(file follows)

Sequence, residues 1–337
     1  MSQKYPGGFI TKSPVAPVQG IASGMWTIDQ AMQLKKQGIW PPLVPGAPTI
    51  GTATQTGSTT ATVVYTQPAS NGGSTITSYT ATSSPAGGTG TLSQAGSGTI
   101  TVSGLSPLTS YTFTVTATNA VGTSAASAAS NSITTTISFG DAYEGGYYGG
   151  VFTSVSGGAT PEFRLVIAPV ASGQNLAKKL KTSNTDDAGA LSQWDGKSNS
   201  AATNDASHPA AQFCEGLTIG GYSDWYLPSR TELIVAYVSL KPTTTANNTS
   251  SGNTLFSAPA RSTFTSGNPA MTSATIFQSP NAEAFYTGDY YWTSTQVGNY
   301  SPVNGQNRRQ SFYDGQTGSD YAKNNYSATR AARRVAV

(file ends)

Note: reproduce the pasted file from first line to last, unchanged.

Sequence, residues 1–337
     1  MSQKYPGGFI TKSPVAPVQG IASGMWTIDQ AMQLKKQGIW PPLVPGAPTI
    51  GTATQTGSTT ATVVYTQPAS NGGSTITSYT ATSSPAGGTG TLSQAGSGTI
   101  TVSGLSPLTS YTFTVTATNA VGTSAASAAS NSITTTISFG DAYEGGYYGG
   151  VFTSVSGGAT PEFRLVIAPV ASGQNLAKKL KTSNTDDAGA LSQWDGKSNS
   201  AATNDASHPA AQFCEGLTIG GYSDWYLPSR TELIVAYVSL KPTTTANNTS
   251  SGNTLFSAPA RSTFTSGNPA MTSATIFQSP NAEAFYTGDY YWTSTQVGNY
   301  SPVNGQNRRQ SFYDGQTGSD YAKNNYSATR AARRVAV